Ferocious Fergie

Referee Mike Dean (left) awards New castle United a goal for which he faced the ire of Manchester United manager Alex Ferguson.-AP Referee Mike Dean (left) awards New castle United a goal for which he faced the ire of Manchester United manager Alex Ferguson.

That Ferguson is a formidably effective manager with a long succession of honours including two European Champions League to his great credit is unarguable. It is also remarkable that in this post Bosman freedom of contract age, he has managed to maintain his formidable authority over his players. By Brian Glanville.

At long last this season Alex Ferguson, long serving and famously successful manager of Manchester United, graciously assents to being interviewed post matches by BBC television. Having for years refused to appear, as the result of a BBC Panorama programme, nothing to do at all with BBC sport, which investigated the activities of the so called Elite Agency run by his son Jason. How you might ask could he get away with this when it was surely incumbent on all Premiership club managers to appear on BBC Match of the Day TV after their games? The answer seemed all too clearly to be that the Premiership was simply too nervous, even intimidated to do anything about it. The ever formidable and often explosive Scotsman being a law, or a lack of it, unto himself.

Recently, however, there has been yet another Fergusonian explosion, and it appears that he will escape once again without any kind of sanction or sequel. It occurred after United at Old Trafford had won a hectic match against Newcastle by 4-3 having several times been behind. Ferguson, once a worker in a Glasgow shipyard and an effective if combative centre forward for Rangers — his elbows were supposedly put to good purpose — was incensed by the decision by the timid Mike Dean to award the Magpies a goal when an attacker was clearly in an offside position.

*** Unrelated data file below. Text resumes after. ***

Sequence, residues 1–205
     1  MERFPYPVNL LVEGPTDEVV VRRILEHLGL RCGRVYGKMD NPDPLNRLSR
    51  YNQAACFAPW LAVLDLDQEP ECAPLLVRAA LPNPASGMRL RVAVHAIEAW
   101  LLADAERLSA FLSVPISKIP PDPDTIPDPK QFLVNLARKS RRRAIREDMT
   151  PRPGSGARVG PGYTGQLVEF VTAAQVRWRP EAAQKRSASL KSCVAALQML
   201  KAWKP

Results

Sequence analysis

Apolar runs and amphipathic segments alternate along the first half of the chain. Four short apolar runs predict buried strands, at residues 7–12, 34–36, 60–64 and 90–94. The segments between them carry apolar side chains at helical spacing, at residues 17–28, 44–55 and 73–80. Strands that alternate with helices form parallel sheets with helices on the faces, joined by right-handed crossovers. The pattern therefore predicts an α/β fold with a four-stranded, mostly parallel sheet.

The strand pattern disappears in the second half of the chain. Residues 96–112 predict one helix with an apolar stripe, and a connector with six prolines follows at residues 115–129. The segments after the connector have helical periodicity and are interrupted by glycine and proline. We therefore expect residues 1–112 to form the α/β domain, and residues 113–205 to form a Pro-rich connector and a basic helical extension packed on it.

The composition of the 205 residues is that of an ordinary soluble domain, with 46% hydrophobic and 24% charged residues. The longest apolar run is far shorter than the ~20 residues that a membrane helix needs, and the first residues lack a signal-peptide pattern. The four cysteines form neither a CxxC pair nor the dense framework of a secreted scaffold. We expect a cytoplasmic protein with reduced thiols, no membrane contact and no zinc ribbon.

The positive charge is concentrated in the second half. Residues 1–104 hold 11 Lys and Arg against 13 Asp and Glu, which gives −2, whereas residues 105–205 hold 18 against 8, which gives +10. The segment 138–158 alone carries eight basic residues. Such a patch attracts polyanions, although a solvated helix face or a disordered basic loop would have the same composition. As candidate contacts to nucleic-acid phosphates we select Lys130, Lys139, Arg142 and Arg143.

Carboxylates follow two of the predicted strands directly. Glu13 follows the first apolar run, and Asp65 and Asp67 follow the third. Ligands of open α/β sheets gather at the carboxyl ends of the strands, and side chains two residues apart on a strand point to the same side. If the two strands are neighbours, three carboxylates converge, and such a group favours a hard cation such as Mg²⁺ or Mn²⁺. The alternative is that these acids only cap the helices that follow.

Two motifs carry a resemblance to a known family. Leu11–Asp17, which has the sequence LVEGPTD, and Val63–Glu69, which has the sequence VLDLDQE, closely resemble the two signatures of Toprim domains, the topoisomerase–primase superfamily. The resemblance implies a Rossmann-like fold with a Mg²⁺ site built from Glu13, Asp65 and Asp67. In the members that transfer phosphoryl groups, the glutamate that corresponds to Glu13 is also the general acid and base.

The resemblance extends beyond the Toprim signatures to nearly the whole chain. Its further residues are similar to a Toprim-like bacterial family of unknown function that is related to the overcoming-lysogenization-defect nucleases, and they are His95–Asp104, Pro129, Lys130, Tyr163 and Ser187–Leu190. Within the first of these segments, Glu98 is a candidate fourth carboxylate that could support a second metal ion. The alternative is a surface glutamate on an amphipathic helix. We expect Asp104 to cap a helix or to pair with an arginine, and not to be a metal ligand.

Fergie ranted and roared not only at the hapless Dean but at his assistants, even following the referee briefly on to the pitch still expostulating when the teams took the field after half-time. The Football Association, however, announced that there was nothing they could do about it since the ruling was that if a referee himself had failed to report such an infringement as Dean so bizarrely even inexplicably did, there was nothing further to be done.

The word was, however, that Dean, like other referees at Old Trafford in the past, had been intimidated; afraid to report the Ferguson tirade for fear that he would get no more appointments at Old Trafford in the future. Which in turn raises the question of how and why any individual club can veto the appointment of a chosen referee, which in practice they seem to be able to do.

Ferguson’s outburst in itself was wholly indefensible but did he have a point; or did Milke Dean? The curious and contradictory ruling on offside now is that even if a player be in an offside position he cannot be given offside if he is not “interfering with the play”. Which recalls the words of another robust Scottish manager the late Bill Shankly, “If he isn’t interfering with the play what is he doing on the field?”

To many, not least to myself, it seems a daft confusing and illogical ruling, but like it or not it does exist and Mike Dean was correct in his interpretation of it.